When Agatha Christie's The Mousetrap opened in London's West End on November 25, 1952, few theatre-goers anticipated that the play would become a fixture for the next half-century. The Times of London review of the play's opening at the Ambassadors Theatre noted that' 'the piece admirably fulfills the special requirements of the theatre." That is, there is a good assortment of suspects and potential victims assembled on stage and each is easily identifiable. The reviewer for the Times noted that these people "provide the colour, the mystification, the suspects, and the screams" and that "all fit the play as snugly as pieces in a jigsaw puzzle." The audience would find that The Mousetrap fits nicely into the Christie tradition: "No sooner have we, following the precepts of our old friend Poirot, peered back into the past—for this is what is known, rather grandly, as a revenge tragedy—and found in the present a suitable couple for the child victims of long ago, than the ingenious pattern shifts, and we are back where we started."
This inability to out-think Christie and solve the crime is part of what keeps audiences flocking to see this play. The run at Ambassadors Theatre lasted twenty-two years; in 1974, The Mousetrap moved to St. Martin's Theatre to continue its successful theatrical course.
The Mousetrap finally opened off-Broadway on November 5,1960, at the Maidman Theatre. At its New York opening, New York Times's reviewer Lewis Funke observed that "a good in-the-flesh whodunit has been overdue." While observing that the play was not a "blood-curdling experience," Funke noted that "it is the Christie skill and polish in throwing you off the scent that keeps the entertainment going." "The Mousetrap," Funke stated, ' 'will not exactly shakes you up, but neither will it let you down." While neither The Times of London review or the New York Times provided the kind of "don't miss it" or "Four Stars" review that many theatre patrons come to expect of a play that is as wildly successful as The Mousetrap has proved to be, both papers did pronounce the suspense and clever plotting worth a visit. Apparently the public agrees. The play is simply a well-constructed mystery that holds the audience's attention from the first moment and offers enough theatrical "red herrings" to keep the audience guessing until the play's conclusion.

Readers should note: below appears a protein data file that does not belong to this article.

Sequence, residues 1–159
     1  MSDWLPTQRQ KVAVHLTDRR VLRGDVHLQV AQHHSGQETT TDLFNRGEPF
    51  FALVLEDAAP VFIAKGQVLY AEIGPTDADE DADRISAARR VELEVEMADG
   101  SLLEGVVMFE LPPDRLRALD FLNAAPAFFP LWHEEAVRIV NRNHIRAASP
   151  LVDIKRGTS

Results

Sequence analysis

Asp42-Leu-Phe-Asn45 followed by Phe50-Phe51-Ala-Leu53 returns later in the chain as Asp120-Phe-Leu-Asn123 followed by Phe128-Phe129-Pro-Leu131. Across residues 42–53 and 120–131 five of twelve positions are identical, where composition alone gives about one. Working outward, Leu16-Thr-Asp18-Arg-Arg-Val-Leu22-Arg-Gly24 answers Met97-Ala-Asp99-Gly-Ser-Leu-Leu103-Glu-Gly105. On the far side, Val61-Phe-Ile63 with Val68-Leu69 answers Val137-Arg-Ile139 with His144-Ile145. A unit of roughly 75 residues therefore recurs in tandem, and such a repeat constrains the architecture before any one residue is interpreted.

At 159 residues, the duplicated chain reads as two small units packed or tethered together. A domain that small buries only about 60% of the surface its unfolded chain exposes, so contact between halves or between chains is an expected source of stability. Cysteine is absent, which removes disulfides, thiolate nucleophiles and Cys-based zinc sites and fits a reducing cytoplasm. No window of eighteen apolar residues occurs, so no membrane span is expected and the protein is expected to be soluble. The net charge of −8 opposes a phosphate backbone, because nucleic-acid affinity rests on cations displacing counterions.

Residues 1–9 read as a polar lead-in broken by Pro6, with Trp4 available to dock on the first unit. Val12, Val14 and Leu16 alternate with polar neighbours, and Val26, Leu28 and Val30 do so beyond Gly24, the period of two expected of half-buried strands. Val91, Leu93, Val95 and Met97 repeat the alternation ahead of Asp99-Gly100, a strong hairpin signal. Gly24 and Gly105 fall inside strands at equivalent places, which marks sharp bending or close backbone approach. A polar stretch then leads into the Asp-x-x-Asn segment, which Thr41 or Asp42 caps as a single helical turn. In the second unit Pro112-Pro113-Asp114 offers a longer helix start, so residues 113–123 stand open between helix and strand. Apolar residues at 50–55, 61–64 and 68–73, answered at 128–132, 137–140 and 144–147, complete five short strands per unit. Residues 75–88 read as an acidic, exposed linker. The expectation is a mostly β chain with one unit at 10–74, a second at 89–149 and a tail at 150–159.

Throughout the play's run in London, note of its longevity has appeared almost yearly in The Times of London. As the play neared its fortieth year of continuous performance, Robin Young, writing in Times, considered the play's continued success, observing that "the solution [to the murder] ... is unorthodox enough to be unguessable, and unguessable enough to be unforgettable. The play has seeped into our collective consciousness as a national challenge." That the public has responded to this "national challenge" is evident in the six-month wait to get tickets. As Young stated, one reason that the play has remained interesting and fresh so many years after its opening is attributed to the yearly change in cast and director. A performance of The Mousetrap, Young remarked, has become an "essential part of the London itinerary, right up with the Houses of Parliament and the Tower of London." In the United States, however, the play has never achieved similar status. Nevertheless, the play still remains complex and intriguing forty-five years after its initial performance. In fact, when an attempt was made a few years ago to publish a novel loosely based on the play, called Three Blind Mice, public clamor halted the book's publication. A book, it was argued, would reveal the identity of the murderer. And so the mystery remains to delight and entertain London audiences.